Tags: software

How I set up Autodesk Sketchbook Pro for sketchnoting

Posted: - Modified: | drawing, process

UPDATE 2014-02-10: Check out my free/PWYW downloadable resources for Autodesk Sketchbook Pro: the grid I use, the brushes, and a PSD that has the grid and a blank layer.


Matt just got a tablet, so he wanted to know how I set up Autodesk Sketchbook Pro for my sketchnoting. See the sketchnote below for my layout and brush sizes, and a few other tips. =) I sometimes tweak brush sizes depending on the size of the project, but they’re roughly around that proportion (1.1-1.3, 2.3-2.5, 4.6 or so).

How I Set Up Autodesk Sketchbook Pro for Sketchnoting

The dot grid I use works out to roughly 40 pixels square with dots that are 5 pixels or so in diameter. If I draw small letters at 1 grid unit (~40px) high, this is mostly readable when printed on 8.5”x11” and requires a little scrolling and zooming when viewing on the computer. I usually draw titles at 2-3 grid units high (80 or 120 pixels). Sometimes I use the dot grid just as a guide for keeping letters mostly level, and I pick a size in between.

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Trying out MindManager 2012 – Almost but not quite the right fit for me

Posted: - Modified: | review

Mindjet MindManager 2012 - Sacha Chua

(Click on the image for  larger version.)

I love the way that mindmaps let me get lots of information down quickly without worrying about organization. It’s easy to organize things after as the structure emerges. I often make mindmaps on paper, but I prefer to do my mindmaps on the computer. Working on the computer lets me reorganize items, expand and collapse branches, and read everything instead of rotating the map so that I can read text written at odd angles. (Besides, my scrawls tend to be hard to read the day after.)

I’ve been a big fan of mindmapping software ever since I came across FreeMind, a fast and free mindmapping tool. XMind became my new favourite when I found out about it. I wanted to give the premium mindmapping programs a try, though, so I gave iMindMap and MindManager a spin.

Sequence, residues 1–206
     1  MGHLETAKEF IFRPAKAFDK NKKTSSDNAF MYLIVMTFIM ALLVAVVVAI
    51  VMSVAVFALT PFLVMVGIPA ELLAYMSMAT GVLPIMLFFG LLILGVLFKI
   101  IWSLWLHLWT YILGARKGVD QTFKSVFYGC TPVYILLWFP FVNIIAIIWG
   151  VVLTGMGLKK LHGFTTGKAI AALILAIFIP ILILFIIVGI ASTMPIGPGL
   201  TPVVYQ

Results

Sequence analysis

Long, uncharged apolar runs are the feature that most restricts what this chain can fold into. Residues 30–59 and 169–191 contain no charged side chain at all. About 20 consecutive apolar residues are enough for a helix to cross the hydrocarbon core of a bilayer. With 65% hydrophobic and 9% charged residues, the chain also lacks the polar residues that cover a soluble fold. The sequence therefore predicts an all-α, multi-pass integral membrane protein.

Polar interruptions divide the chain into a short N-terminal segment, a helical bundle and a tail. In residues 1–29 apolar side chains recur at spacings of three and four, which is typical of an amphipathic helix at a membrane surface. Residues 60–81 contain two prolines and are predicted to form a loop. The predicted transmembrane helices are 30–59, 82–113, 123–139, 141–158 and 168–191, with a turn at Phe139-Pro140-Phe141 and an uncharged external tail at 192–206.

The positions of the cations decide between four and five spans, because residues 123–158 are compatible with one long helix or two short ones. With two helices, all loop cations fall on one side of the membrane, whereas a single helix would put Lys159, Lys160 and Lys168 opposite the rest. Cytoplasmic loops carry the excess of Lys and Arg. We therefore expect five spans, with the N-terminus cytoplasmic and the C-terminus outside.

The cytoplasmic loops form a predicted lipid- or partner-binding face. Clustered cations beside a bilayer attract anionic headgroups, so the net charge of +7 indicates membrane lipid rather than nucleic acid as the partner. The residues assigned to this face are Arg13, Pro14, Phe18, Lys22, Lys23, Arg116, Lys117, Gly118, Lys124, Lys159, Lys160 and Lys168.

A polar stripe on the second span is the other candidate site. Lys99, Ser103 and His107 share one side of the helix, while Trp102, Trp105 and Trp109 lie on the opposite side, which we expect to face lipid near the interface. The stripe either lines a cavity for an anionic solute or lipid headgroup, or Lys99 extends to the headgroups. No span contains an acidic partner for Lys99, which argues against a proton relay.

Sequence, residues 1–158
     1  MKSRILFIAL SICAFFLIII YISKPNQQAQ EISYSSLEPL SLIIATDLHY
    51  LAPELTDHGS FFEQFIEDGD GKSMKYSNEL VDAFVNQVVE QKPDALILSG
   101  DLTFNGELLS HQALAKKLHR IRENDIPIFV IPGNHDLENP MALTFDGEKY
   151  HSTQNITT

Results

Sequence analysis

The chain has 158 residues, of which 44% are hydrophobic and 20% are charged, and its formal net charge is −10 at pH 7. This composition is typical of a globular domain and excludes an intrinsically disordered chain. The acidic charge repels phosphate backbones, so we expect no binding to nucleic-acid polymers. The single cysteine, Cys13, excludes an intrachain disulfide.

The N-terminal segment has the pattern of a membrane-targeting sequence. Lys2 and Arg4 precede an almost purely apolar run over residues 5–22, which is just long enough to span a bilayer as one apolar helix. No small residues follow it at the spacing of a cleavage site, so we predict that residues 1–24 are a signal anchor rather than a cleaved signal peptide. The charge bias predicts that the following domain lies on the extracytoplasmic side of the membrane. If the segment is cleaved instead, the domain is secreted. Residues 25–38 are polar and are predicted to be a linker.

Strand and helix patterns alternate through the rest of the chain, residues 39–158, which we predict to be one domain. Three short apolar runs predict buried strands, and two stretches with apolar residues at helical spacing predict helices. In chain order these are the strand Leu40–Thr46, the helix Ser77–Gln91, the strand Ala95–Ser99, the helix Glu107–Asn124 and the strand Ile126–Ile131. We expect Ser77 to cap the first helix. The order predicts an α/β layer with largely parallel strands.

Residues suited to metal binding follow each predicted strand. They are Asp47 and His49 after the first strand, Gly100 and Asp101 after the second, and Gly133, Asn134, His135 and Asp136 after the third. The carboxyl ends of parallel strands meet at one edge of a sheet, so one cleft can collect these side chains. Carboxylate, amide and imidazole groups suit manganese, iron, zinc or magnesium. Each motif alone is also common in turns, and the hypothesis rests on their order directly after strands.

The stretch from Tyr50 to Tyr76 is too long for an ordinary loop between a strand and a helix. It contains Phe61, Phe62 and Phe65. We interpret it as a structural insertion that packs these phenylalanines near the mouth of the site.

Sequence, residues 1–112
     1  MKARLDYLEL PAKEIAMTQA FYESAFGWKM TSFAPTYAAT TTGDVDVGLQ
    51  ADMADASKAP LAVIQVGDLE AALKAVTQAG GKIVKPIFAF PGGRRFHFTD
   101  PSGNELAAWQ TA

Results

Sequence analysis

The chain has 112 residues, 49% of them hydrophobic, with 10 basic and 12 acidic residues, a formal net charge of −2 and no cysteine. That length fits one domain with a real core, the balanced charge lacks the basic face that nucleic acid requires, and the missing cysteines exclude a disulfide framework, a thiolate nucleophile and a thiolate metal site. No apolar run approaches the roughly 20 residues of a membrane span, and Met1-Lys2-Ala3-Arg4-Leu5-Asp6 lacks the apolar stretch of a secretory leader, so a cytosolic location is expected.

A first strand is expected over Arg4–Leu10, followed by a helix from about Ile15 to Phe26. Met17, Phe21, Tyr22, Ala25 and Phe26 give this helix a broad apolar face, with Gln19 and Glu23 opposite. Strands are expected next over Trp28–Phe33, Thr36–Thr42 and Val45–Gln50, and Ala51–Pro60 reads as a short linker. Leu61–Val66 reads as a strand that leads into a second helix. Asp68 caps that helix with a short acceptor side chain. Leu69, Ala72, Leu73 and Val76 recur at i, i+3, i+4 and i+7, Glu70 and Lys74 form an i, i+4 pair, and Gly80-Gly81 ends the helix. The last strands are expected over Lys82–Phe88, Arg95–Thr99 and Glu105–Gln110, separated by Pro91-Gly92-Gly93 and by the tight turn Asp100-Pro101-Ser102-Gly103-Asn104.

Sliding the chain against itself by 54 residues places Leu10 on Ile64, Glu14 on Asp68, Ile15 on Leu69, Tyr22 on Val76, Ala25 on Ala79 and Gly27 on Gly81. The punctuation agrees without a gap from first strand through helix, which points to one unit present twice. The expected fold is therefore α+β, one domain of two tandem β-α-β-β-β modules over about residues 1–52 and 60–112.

iMindMap was colourful, but didn’t quite fit the way I wanted to work. It’s definitely skewed towards maps with just one word on the branches, and I tend to write whatever I want to.

MindManager fit me better. I was delighted to find that MindManager had a good pen mode, allowing me to create, edit, and organize my map with my computer in tablet mode (look, Ma, no keyboard!). I could scribble things down, then convert ink to text and have fully-searchable and more legible notes afterwards.

I tried using MindManager in pen mode to capture a panel discussion. This was a bit of a challenge as I was actually on the panel in question, but I wanted to take notes anyway. I probably wouldn’t have tried this with other (non-tablet) mindmapping programs because the keyboard clicking sounds would have been distracting even if I had my screen tilted down (removing a barrier between me and others). The smooth gliding of a pen across a tablet screen is unobtrusive, and not all that different from writing on (somewhat glowy) paper.

As it turned out, the necessity of writing in the input box caused a bit more mental friction than drawing on a blank canvas in Autodesk Sketchbook Pro. (The input box size is configurable, but there are tradeoffs as you have to make your gestures outside the box.) I also ended up redoing the whole summary in Sketchbook because I wanted it to have more personality and a more compact layout. So no time savings for real-time visual notetaking, at least for me, although it was good to be able to reorganize points as needed.